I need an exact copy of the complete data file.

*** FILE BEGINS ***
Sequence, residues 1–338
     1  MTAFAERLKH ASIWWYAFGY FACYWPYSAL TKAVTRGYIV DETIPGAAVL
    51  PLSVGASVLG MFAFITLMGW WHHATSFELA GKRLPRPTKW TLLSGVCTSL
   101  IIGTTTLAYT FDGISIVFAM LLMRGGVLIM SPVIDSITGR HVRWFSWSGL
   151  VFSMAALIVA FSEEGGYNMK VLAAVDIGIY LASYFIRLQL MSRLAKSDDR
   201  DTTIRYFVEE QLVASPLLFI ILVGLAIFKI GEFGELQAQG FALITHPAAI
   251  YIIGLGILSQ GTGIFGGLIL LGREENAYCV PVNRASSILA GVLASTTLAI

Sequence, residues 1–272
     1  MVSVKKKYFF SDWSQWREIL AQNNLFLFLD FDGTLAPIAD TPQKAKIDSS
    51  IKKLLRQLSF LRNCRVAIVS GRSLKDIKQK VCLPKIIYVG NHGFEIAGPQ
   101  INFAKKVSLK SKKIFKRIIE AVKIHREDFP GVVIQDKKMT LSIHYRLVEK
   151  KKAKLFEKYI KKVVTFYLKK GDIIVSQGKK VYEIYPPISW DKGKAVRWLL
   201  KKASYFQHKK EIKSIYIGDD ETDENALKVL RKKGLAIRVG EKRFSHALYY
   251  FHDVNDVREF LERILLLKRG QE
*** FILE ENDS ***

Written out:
Sequence, residues 1–338
     1  MTAFAERLKH ASIWWYAFGY FACYWPYSAL TKAVTRGYIV DETIPGAAVL
    51  PLSVGASVLG MFAFITLMGW WHHATSFELA GKRLPRPTKW TLLSGVCTSL
   101  IIGTTTLAYT FDGISIVFAM LLMRGGVLIM SPVIDSITGR HVRWFSWSGL
   151  VFSMAALIVA FSEEGGYNMK VLAAVDIGIY LASYFIRLQL MSRLAKSDDR
   201  DTTIRYFVEE QLVASPLLFI ILVGLAIFKI GEFGELQAQG FALITHPAAI
   251  YIIGLGILSQ GTGIFGGLIL LGREENAYCV PVNRASSILA GVLASTTLAI

Sequence, residues 1–272
     1  MVSVKKKYFF SDWSQWREIL AQNNLFLFLD FDGTLAPIAD TPQKAKIDSS
    51  IKKLLRQLSF LRNCRVAIVS GRSLKDIKQK VCLPKIIYVG NHGFEIAGPQ
   101  INFAKKVSLK SKKIFKRIIE AVKIHREDFP GVVIQDKKMT LSIHYRLVEK
   151  KKAKLFEKYI KKVVTFYLKK GDIIVSQGKK VYEIYPPISW DKGKAVRWLL
   201  KKASYFQHKK EIKSIYIGDD ETDENALKVL RKKGLAIRVG EKRFSHALYY
   251  FHDVNDVREF LERILLLKRG QE